When I was in middle school, my biggest goal for high school was to make friends. I was scared to reach out, but I knew that I’d probably make a few along the way.
Regardless of how many friends I made, however, I found that summer breaks always took them away from me; I failed to continue friendships I previously had when there wasn’t a classroom that forced me to mingle. I always envied how others so easily established long-lasting connections with one another, and I tried to think about what I was doing wrong.
While friends I made inevitably turned into acquaintances, then strangers, my friends from middle school seemed to be blossoming into the very people I envied: we’d always talk about the friends they made in class and the plans they made to hang out. Though I knew they weren’t trying to shame me in any way, I couldn’t help but feel pathetic. It felt like I was the only one out of my friend group who hadn’t unlocked the secret friend-making technique.
I knew that my friends were still my friends, but I couldn’t help but feel as if they were trying to start anew, at least to a certain extent. My biggest worry was that one day they’d drift to find new cliques, and I’d be forgotten.
After thinking about potential abandonment, I soon realized that I didn’t crave friendships. I craved to have an impact on others’ lives; I wanted to be remembered. Based on past experience with my friendships, the idea of eventually being forgotten by everyone I love didn’t sound too unrealistic to me.
I would always remind myself that even though someone may like talking to me, it doesn’t mean that I’m their favorite person, or that I necessarily mean something to them. I hated the idea of having someone to talk to but not having any value in their life, and how I’d never know if I did or not. The thought of it made new friendships unappetizing, so I pushed people away, sometimes without even knowing it.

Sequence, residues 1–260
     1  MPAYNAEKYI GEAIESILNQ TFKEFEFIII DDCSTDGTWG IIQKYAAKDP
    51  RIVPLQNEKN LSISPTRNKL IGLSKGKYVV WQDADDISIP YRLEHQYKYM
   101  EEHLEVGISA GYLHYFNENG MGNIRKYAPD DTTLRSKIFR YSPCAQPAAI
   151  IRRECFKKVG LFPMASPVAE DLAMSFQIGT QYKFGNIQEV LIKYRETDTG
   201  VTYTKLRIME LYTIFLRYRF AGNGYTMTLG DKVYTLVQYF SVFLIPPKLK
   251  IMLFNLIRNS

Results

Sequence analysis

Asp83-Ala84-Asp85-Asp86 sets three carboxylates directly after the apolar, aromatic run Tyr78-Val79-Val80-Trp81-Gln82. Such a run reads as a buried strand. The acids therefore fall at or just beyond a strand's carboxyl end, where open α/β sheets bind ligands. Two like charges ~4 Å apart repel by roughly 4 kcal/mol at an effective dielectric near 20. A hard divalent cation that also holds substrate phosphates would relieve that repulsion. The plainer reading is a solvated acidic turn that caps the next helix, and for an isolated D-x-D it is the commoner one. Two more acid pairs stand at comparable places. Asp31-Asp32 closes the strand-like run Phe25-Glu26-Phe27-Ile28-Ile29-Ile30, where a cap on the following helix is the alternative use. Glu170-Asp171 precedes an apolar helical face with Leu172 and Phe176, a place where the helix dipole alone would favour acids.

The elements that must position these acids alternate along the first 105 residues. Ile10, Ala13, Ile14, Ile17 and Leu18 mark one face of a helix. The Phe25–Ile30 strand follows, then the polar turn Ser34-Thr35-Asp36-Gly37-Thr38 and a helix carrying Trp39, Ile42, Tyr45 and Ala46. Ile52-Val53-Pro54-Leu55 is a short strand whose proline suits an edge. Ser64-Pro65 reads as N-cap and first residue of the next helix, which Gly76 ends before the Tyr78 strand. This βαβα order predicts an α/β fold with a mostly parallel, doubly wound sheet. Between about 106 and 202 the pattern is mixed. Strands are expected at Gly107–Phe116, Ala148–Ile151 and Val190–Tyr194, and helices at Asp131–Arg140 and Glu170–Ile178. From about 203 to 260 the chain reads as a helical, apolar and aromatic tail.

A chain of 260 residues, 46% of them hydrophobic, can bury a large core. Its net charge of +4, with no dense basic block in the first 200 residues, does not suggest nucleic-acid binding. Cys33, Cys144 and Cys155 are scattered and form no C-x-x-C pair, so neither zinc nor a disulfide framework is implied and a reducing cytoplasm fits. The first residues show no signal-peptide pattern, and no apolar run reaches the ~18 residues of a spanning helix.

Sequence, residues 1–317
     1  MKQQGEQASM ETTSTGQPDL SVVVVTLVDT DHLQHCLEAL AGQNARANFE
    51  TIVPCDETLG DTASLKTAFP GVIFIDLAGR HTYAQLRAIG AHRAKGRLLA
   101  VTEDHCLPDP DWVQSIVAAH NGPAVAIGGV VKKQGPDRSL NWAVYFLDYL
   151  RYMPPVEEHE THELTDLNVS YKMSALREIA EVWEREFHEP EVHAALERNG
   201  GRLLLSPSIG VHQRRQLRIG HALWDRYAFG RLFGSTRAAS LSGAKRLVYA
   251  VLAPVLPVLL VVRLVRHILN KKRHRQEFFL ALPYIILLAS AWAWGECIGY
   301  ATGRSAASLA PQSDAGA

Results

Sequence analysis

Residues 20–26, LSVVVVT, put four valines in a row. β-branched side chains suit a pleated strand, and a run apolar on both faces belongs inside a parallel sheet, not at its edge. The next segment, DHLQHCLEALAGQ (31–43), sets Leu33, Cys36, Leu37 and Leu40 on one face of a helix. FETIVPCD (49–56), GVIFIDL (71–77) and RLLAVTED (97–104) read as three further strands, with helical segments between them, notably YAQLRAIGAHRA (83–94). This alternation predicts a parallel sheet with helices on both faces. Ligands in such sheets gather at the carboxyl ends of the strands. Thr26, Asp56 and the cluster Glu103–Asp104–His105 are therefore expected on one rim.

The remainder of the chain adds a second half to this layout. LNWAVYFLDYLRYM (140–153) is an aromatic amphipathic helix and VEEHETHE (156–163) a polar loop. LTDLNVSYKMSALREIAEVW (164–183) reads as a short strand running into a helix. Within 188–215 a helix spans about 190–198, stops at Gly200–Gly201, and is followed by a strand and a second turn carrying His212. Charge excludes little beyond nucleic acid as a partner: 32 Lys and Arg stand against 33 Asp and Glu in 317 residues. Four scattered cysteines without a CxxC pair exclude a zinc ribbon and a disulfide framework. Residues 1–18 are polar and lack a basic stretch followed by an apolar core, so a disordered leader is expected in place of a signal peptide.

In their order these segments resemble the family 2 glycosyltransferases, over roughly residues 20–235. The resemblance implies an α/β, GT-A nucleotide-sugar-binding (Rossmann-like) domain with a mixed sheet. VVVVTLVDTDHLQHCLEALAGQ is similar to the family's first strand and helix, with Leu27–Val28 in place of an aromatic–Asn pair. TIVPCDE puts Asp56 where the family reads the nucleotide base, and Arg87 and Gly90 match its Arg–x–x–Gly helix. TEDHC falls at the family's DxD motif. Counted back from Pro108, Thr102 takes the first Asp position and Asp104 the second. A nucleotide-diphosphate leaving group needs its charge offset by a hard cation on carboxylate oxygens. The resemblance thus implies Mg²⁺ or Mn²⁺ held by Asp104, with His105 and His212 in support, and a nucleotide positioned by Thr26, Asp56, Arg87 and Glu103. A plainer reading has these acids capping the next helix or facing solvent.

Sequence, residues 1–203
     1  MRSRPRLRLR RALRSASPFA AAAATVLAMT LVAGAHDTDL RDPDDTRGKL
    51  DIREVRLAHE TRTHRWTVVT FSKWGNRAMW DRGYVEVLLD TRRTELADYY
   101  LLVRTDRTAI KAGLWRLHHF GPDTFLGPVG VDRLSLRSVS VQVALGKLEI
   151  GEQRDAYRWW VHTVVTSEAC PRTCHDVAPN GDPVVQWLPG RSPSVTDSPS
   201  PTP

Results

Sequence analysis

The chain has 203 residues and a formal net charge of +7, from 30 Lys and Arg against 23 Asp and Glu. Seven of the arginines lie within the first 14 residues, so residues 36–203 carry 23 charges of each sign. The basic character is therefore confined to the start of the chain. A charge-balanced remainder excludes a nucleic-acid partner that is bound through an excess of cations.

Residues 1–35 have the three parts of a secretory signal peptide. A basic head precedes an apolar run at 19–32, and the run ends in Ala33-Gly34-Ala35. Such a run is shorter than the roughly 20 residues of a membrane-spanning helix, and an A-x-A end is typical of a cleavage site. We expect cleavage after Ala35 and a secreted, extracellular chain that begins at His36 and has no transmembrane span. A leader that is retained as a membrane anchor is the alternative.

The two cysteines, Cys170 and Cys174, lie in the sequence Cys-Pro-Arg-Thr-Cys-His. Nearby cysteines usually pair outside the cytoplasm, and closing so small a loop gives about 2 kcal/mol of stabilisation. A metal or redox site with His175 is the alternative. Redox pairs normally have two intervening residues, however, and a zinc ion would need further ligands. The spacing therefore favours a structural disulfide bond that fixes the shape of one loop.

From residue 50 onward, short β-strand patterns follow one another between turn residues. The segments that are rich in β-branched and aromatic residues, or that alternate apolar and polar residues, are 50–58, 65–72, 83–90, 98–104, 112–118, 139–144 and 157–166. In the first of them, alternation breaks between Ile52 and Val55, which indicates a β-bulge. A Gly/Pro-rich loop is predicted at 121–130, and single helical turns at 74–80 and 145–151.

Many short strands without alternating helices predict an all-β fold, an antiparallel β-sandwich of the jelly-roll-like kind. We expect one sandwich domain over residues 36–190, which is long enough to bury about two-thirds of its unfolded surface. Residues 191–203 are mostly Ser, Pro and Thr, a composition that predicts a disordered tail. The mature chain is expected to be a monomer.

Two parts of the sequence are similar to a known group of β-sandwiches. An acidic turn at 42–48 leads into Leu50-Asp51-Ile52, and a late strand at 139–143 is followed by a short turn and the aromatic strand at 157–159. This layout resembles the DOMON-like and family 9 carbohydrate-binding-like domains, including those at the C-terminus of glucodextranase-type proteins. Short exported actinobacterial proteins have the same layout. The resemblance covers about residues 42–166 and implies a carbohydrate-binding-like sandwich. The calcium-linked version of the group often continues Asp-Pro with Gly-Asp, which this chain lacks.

So, the problem was this: I wanted friends, but it was too difficult to feel safe making them. Coming to terms with this wasn’t the easiest; it was saddening to think about all of the strong friendships I could’ve had, if my desire to mean something to someone wasn’t so important to me.
As sad as it was, though, I was never completely able to change the way I thought. Today, I still fear the amount of people who won’t remember who I am, but the difference now is that I know it really doesn’t matter as much as I thought it did. People come and go—that’s life.
But, I’m grateful for the people who didn’t go. I have friends in my life who I know will be alongside me for a lifetime, and they’re just about the best friends I could ever ask for. So, to my best friends, thank you for being there for me, and I’m sorry for ever doubting that you’d stay.
After four years of somewhat unsuccessfully trying to befriend others, I came to realize that as long as I have friends who truly care about me, there really isn’t more I should try to gain from others. And, in the future, I know that if I let people in, I’ll probably end up having an impact on their lives without worrying or trying so hard. I just need to trust the process.